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DENVER — The 2017 General Assembly session ended Wednesday after a dramatic day of last-minute bills.

The most consequential action was perhaps the funding of hospitals and roads.

SB 267 provides $1.8 billion for transportation and eliminates the $500 million cuts to hospitals that once threatened some closures.

Lawmakers did not raise sales taxes as previously proposed, but instead came up with the revenue by reclassifying the hospital provider fee, mortgaging state buildings, raising marijuana taxes and increasing Medicaid co-payments.

“It’s not enough but it’s a start,” Sandra Solin with Fix Colorado Roads said when asked if the money is enough to improve Interstate 25.

Perhaps the most dramatic bill involved defunding the Colorado Energy Office.

Lawmakers could not come to an agreement regarding what the office should prioritize and as a result it will be eliminated July 1. About 20 jobs are expected to be impacted.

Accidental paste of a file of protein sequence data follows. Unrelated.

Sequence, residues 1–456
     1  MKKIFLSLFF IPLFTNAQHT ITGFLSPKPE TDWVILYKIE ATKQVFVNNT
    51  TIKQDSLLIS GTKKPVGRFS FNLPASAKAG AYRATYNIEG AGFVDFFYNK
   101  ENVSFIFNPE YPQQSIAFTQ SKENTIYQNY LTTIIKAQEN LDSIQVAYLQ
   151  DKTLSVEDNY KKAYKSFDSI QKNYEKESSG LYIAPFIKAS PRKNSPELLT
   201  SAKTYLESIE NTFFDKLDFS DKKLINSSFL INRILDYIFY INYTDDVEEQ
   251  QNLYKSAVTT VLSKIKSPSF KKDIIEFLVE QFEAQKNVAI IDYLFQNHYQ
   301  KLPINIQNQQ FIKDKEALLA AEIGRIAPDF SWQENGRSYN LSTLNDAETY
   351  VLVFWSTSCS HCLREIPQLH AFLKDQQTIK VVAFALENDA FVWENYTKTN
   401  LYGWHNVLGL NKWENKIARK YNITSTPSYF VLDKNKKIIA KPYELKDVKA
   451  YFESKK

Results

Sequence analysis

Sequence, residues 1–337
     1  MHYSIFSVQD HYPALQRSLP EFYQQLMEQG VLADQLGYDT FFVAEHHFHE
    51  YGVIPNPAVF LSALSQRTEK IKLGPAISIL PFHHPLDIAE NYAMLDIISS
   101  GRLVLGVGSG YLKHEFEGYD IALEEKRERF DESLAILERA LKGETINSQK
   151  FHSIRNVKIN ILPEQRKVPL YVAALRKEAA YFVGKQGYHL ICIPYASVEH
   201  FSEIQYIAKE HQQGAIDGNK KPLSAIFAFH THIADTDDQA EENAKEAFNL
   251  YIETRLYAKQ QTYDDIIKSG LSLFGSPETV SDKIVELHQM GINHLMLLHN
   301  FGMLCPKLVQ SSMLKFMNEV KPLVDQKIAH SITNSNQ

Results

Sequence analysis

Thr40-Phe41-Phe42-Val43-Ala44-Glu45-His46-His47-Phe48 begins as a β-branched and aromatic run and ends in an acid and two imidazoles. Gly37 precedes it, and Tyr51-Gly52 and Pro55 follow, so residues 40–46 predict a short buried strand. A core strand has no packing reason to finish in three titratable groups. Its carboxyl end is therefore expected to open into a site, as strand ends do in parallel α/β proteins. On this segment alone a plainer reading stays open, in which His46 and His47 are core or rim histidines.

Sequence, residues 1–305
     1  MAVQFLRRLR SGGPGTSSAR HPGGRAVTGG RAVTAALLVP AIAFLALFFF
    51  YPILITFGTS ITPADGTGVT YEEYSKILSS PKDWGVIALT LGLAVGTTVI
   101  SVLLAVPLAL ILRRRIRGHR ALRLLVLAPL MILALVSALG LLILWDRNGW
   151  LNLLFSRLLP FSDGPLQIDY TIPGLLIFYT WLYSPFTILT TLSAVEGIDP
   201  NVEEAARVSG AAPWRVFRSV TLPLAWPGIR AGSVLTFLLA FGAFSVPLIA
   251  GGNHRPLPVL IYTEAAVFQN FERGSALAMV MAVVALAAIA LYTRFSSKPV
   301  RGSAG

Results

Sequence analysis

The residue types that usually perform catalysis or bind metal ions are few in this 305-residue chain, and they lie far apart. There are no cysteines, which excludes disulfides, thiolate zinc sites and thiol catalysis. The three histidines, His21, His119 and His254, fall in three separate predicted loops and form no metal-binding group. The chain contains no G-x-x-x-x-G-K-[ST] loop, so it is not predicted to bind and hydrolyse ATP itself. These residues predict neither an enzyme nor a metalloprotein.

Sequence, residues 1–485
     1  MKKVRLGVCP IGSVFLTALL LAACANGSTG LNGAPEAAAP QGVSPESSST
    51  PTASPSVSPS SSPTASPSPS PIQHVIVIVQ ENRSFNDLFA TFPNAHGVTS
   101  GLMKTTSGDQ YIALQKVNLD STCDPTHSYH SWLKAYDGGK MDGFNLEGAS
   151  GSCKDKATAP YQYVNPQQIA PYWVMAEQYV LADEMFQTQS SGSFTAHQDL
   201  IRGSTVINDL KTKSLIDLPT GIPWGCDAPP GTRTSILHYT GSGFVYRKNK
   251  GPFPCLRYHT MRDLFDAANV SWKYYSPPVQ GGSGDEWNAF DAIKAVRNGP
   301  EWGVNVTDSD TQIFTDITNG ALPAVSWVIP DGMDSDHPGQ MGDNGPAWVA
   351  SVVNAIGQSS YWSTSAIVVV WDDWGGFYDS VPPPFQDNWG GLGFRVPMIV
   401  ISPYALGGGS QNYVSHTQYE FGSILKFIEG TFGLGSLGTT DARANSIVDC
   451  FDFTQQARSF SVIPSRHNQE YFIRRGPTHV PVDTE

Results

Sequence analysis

“It really stinks,” said State Sen. Ray Scott, the Republican who orchestrated the restructuring of the office. “We built a bill that funded them for four years. We built a bill that takes care of lots of issues that they have.”

When asked if this was about Donald Trump politics, Scott said there is “always partisan politics.”

Democrats were furious at the impasse.

“I can’t believe this got blown up on a partisan basis. This is part of our clean brand in the state, our clean energy brand,” said State Sen. Matt Jones, a Democrat from Boulder County.

Other issues discussed on the final day included restricting how many people could smoke marijuana on front porches in the state, but that bill was defeated.